Herald reporters David Leggat and Kris Shannon, who are covering the Commonwealth Games in Glasgow, answer three questions on the New Zealand team's performance so far and what to expect in the remaining days of competition.
The most impressive New Zealand performance so far?
Kris Shannon:While the men's sprint cyclists were the most dominant and Anton Cooper's efforts this morning the most exhilarating, the most impressive performance of these games, for mine, belongs to the Robertson twins. Few Kiwis would have seen the brothers race before these Games; even fewer who watched their efforts in the 5000m would forget them any time soon. Coming up against a cabal of Kenyans, the Robertsons controlled much of the race until Jake was accidentally tripped by compatriot Nick Willis. Zane barely blinked as his brother hit the deck, staying with the decisive surge on the final lap before hanging on for bronze on the home straight.
David Leggat: Sam Webster, the headline act in an outstanding track cycling group. His performance in the individual sprint was brilliant. He cleaned out good mate Eddie Dawkins in the semifinals, displaying blistering pace and smart tactical nous, then saw off the Olympic champion Jason Kenny in a three-race final. Webster had to regroup after dropping the second race and did so expertly. He was part of the team sprint gold medal trio. Although Tom Scully (points race) and Shane Archbold (scratch race) deserved accolades for their successes in the bunch endurance events, and 11 medals were gathered in a stellar collective performance, Webster stood supreme.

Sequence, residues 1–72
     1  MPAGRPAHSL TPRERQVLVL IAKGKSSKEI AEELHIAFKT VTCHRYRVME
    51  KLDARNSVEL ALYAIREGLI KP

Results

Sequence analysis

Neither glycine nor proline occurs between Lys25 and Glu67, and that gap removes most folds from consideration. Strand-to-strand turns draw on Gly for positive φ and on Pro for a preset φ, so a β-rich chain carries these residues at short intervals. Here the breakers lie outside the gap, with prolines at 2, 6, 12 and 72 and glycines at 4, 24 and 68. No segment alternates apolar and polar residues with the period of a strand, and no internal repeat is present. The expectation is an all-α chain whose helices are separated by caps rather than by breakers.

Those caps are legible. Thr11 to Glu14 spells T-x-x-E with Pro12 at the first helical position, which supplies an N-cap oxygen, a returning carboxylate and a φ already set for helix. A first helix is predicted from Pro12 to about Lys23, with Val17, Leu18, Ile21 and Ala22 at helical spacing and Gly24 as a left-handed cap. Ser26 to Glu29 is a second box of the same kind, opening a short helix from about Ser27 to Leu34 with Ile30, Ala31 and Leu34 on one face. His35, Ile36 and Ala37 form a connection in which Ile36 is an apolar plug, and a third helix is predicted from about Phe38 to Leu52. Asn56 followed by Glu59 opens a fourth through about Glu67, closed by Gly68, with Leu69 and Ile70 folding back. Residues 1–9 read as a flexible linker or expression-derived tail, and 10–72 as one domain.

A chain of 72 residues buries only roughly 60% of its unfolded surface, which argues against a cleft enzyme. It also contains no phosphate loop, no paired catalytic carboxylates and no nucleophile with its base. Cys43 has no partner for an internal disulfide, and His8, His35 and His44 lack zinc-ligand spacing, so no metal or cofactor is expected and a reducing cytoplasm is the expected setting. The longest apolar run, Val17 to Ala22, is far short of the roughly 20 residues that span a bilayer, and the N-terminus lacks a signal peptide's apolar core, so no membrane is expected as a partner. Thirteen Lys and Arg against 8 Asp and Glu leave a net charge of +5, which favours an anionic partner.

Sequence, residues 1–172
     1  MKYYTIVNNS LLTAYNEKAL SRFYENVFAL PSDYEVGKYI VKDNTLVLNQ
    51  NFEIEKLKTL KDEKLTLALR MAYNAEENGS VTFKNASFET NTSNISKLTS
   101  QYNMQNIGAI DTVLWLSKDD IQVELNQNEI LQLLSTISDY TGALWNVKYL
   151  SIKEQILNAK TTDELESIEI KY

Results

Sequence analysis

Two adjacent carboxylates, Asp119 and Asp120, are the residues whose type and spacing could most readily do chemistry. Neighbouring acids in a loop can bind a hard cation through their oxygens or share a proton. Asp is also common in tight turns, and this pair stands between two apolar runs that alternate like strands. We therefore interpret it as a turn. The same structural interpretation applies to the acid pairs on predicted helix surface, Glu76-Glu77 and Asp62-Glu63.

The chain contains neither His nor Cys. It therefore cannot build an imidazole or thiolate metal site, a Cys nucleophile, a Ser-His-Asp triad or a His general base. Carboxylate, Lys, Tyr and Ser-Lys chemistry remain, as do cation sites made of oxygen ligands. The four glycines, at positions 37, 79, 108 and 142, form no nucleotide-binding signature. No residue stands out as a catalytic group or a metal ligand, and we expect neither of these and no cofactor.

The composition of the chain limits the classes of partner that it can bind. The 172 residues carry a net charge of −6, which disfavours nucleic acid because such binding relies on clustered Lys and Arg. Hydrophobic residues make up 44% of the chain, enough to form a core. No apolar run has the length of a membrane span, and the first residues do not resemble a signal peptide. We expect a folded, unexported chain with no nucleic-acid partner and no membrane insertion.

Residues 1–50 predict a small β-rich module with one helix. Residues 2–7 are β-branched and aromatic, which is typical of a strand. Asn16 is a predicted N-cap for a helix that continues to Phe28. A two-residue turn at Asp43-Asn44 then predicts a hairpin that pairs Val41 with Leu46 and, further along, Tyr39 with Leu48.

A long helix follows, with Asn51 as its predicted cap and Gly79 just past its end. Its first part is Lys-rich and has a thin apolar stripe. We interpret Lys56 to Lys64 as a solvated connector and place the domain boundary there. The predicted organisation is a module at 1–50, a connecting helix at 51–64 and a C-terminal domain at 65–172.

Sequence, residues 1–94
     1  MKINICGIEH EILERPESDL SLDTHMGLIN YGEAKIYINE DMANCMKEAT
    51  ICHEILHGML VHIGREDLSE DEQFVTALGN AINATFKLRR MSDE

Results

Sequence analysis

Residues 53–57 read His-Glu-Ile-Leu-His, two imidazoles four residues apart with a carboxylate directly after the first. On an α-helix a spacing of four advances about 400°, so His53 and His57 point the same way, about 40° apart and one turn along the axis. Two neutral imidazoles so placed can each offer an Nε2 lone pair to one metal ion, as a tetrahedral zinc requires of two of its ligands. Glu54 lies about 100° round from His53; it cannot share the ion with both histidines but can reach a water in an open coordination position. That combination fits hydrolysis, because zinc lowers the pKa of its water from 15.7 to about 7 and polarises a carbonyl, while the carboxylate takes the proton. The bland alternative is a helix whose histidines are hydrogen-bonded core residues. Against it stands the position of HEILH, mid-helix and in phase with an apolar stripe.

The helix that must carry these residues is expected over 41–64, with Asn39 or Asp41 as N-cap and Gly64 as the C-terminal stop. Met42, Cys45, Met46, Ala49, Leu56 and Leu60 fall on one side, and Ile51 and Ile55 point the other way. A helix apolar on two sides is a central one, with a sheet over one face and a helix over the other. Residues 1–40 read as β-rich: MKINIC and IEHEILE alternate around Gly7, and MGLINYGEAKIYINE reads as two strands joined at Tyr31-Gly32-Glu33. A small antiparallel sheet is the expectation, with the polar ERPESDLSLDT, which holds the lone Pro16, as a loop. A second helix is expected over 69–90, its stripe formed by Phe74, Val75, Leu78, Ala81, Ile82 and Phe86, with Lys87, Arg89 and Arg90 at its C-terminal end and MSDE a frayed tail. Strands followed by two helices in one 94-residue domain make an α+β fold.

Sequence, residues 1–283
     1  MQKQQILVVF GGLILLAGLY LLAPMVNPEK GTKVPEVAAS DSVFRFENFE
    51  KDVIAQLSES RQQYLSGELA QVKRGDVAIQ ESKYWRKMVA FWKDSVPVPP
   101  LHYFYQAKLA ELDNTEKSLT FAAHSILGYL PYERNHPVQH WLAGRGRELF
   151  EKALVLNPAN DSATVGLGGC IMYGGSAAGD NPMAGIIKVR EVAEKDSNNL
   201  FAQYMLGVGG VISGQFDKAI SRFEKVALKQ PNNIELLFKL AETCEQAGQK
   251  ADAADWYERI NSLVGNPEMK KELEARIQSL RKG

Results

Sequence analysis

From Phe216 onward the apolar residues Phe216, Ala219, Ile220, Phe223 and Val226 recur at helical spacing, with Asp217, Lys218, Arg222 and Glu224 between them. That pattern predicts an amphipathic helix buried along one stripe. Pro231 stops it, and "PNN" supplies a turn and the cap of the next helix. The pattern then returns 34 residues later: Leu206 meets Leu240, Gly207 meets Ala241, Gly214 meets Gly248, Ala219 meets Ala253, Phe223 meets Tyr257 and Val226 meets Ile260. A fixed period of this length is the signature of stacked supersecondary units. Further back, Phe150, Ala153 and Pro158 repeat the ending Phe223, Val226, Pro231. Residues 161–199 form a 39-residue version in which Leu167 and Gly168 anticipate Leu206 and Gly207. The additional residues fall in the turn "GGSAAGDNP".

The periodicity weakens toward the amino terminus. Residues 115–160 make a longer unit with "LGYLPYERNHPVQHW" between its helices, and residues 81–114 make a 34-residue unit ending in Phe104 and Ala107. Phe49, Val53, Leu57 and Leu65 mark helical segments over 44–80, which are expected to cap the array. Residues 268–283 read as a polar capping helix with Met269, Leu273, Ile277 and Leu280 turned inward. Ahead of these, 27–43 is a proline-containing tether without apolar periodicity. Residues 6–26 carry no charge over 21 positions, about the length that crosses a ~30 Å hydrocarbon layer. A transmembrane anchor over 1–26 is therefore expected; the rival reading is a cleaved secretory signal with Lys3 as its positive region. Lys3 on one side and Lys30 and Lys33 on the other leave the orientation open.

Shannon: The team triathlon relay. As individuals, they weren't great, with Andrea Hewitt's fourth place the solitary finish inside the top 10, but only Hewitt was a legitimate chance for a medal. Together as a team, though, the result was much worse. The Kiwis came second in the relay at last year's world championships, and a repeat performance appeared on the cards for much of the race. But poor Ryan Sissons made a crucial error in the final transition, slipping to fifth and later saying he felt like he let down his mates.
Leggat: Swimming, if you take out Lauren Boyle and Sophie Pascoe. Flattering to deceive and due a hard look from the country's sports funders. That said, the triathlon team runs them a close second.
How many more golds to come?
Shannon: Val Adams, obviously. Linda Villumsen will be a strong hope in the road cycling time trial, and Joelle King has a shot at a couple in the doubles, teaming with Amanda Landers-Murphy in the women's and Martin Knight in the mixed. The Kiwis could also get lucky in the 1500m, with both Nick Willis and Zane Robertson set to race, while the Silver Ferns and both Black Sticks sides will have likely have to get past the arch-enemy in the gold medal match. I'll say five.
Leggat: Adams is the banker. Linda Villumsen should figure at the sharp end in the individual time trial. Joelle King and Martin Knight, silver medallists in New Delhi, will be a good bet, then there's the women's Black Sticks. They have the ability to beat, almost certainly, Australia if they make the final. The Silver Ferns have big injury issues but would have to rate a chance. That said, getting past Jamaica, England and Australia will be a tall order, even if all players are fully fit. And down at the scenic Kelvingrove bowls centre, how about two medals? Jo Edwards and Val Smith in the women's pair. Good mates, they already have a medal apiece - Edwards gold in the singles, Smith bronze as part of an otherwise young four - and have begun strongly. Then there's Shannon McIlroy in the singles, whose begun with four wins from as many matches, and the young women's triple. Sod's Law says they won't all get there, though. A number? The young colleague is a wise fellow. Try five.